The first of the Borzage films is a 1926 silent "Lazybones", the earliest film in the set. A melodrama about a backwoods man who adopts his neigbour's daughter, it stars western star Buck Jones in a change of pace and he is very good. The story is Victorian melodrama, but touching and very well photographed. Unfortunately, the film is accompanied by an awful score which I eventually turned off, finding it completely uncomplimentary to the visuals and the drama in the very good print.
Both "Seventh Heaven" and "Street Angel" are famous silent films which contributed to Janet Gaynor winning the first Best Actress Oscar. These are the films which cemented Borzage's reputation as the director of magical and eternal love stories. The former tells of the love of street urchin Gaynor to sewer rat Farrell who saves her from strangulation by her vicious sister. The film has many lyrical moments and Gaynor acts with her eyes which is perfect. The print is variable and the DVD comes with a reasonable commentary. "Street Angel" is a marginally more realistic tale with Gaynor cast as another urchin who escapes the police by joining a circus. Farrell plays the street artist who falls for her. The print is superior to "Seventh Heaven". The original soundtracks accompany both films and the music is vastly superior to the modern scores which have been attached to other silent films in the set. Farrell is a very handsome gentle hero in both and the films cemented the pair as America's sweethearts.
"The River", released in 1928, was a film thought to be lost but more than half of it has surfaced and the total film is reconstructed here using stills and the original script. What survives gives a great feeling for what is missing and this is a moody melodrama with a very good performance by Mary Duncan as the tough mistress of a convicted criminal who falls for youthful and innocent Charles Farrell. Once again, the lighting and sets overcome any weaknesses in the melodrama and there is plenty of symbolism in the nature of the river itself. The surviving reels vary in print quality.
"Lucky Star" is the third and last film of the Borzage/Farrell/Gaynor combination and may be the unexpected treasure of the whole set. Long lost, an almost pristine silent version is presented here which surfaced from Holland. A touching story of a woodlands girl and her relationship with a crippled war veteran, both the leads are perfect. Borzage's direction is exemplary and the backwoods sets are stunning. The only drawback is that this is another with a lousy musical accompaniment which interferes with the visual images and sensitive acting of the principals.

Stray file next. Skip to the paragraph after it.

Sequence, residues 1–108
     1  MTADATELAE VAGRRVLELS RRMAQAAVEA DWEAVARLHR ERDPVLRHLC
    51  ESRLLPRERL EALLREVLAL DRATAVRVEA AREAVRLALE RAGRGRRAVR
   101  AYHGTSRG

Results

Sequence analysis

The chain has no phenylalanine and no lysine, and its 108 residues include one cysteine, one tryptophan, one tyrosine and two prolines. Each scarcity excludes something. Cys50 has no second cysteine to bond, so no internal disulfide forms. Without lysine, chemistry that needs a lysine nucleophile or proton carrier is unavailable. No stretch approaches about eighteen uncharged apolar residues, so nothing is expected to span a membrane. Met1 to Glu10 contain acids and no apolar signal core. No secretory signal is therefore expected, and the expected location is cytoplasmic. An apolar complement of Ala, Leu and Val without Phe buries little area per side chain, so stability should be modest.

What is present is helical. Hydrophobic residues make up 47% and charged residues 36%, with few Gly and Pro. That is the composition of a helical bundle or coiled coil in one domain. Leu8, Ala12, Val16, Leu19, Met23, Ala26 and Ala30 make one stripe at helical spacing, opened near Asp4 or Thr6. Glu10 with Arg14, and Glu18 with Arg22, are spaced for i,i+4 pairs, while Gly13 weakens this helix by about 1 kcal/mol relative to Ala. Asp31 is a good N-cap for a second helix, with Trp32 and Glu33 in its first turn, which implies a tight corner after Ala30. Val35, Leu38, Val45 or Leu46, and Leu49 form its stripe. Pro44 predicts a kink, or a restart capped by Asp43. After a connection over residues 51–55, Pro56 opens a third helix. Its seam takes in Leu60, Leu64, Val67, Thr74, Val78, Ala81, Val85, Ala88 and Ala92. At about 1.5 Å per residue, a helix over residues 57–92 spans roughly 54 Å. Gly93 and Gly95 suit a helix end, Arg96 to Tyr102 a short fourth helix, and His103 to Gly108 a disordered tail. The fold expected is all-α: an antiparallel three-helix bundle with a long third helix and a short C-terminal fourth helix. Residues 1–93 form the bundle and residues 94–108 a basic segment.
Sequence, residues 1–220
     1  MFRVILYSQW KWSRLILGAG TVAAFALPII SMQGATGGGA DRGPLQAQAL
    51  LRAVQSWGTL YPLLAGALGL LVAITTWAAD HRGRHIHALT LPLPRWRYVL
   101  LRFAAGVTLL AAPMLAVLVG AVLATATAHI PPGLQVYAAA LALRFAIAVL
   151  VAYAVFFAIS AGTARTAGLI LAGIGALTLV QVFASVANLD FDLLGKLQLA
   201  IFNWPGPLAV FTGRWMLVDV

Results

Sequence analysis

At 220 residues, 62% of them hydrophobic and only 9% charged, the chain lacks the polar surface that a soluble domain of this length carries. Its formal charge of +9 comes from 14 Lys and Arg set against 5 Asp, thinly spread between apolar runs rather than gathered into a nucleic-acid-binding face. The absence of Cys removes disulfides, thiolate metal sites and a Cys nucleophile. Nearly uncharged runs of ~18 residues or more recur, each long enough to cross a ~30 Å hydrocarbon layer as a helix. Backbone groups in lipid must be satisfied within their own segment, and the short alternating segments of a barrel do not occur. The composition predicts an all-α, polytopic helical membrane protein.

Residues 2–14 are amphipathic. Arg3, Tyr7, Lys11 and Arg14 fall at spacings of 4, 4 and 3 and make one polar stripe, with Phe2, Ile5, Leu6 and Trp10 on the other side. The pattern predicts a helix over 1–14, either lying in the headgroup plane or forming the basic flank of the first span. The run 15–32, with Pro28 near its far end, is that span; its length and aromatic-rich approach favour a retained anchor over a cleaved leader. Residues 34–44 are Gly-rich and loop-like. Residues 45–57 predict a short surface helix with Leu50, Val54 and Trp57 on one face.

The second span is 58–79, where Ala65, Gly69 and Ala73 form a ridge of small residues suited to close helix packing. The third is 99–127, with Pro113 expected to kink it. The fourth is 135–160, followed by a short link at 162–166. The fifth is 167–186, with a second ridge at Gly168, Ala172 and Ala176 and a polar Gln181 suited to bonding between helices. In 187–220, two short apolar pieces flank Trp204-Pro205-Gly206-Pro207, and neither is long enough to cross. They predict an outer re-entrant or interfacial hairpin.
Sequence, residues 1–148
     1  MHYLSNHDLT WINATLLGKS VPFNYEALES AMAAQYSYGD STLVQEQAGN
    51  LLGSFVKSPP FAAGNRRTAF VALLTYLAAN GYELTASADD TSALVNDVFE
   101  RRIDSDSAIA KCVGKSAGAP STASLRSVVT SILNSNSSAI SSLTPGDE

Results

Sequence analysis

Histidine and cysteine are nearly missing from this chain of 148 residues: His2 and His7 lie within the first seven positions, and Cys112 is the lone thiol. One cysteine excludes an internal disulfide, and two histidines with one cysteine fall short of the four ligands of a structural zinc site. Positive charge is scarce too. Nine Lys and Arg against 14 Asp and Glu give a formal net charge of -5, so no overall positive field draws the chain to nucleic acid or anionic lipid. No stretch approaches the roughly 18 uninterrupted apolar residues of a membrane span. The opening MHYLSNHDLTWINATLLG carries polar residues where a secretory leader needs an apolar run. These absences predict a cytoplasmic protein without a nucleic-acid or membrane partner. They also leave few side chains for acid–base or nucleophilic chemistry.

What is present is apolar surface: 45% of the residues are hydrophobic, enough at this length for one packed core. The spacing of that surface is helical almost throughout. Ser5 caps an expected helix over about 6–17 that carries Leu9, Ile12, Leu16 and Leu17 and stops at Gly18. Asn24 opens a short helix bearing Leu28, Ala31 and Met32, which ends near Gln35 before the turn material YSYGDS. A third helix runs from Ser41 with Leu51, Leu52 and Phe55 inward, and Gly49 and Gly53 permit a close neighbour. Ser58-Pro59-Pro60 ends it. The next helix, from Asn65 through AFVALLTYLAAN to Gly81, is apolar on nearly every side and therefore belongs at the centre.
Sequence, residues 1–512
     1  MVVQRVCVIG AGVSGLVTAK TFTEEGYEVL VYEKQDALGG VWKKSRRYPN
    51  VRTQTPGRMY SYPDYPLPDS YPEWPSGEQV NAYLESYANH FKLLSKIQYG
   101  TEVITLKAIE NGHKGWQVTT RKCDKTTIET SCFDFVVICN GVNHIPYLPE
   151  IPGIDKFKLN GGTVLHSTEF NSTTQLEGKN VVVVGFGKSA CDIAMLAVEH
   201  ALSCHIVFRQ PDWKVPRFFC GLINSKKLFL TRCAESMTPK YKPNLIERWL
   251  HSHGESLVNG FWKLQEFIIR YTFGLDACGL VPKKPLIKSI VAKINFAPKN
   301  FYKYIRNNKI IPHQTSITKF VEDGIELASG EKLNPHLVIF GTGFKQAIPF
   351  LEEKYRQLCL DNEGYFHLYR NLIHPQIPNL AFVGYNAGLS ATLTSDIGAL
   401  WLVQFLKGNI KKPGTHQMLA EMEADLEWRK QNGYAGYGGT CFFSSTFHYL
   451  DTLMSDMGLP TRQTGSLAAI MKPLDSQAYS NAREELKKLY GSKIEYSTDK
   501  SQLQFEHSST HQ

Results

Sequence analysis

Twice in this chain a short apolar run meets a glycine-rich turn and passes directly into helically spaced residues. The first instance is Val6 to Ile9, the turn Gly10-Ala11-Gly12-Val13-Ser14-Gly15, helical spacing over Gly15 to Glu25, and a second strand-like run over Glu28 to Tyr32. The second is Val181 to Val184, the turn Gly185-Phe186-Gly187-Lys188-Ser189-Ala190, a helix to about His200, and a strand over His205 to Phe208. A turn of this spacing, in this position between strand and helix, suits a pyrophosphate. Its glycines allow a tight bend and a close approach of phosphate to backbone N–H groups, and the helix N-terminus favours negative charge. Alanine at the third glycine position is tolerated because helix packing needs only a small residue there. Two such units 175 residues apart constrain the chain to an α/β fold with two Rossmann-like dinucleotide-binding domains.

Now we move into talkies.
The earliest film is "They Had to see Paris", released in 1929 and the talkie debut of American folk hero Will Rogers. He plays a bucolic family man who strikes it rich and takes his family to Paris. The film follows their adventures in the big city. The print is good enough mostly but the sound is difficult. As a very early talkie, the position of the microphone is critical and the voices come and go. Rogers mumbles too and can not always be understood. The humour is basic and this is one film for which the fast forward button became useful. There is no doubt it has historic interest for those keen on Rogers but otherwise, it is a dud and an example of the comedown from the lyrical silent films which preceded it.
"Song of My Heart", filmed in 1929, stars famous Irish tenor John McCormack. This man was a giant in the entertainment industry in his day such that he was able to command an enormous salary for his appearance here. The film preserves his art and when he sings, his enormous talent is obvious. Unfortunately, the rest is turgid and awful. The story is sentimental Irish schmaltz and McCormack, who is no actor, smiles his role. The film was made partly in Ireland but you would never know. Maureen O'Sullivan appears as the ingénue. There is some dreadfully timed Irish humour from some of the supporting cast. The film comes in 2 versions, full and part talkie. I would suggest going for the part talkie because the titles are more bearable than actually hearing the dreadful dialogue.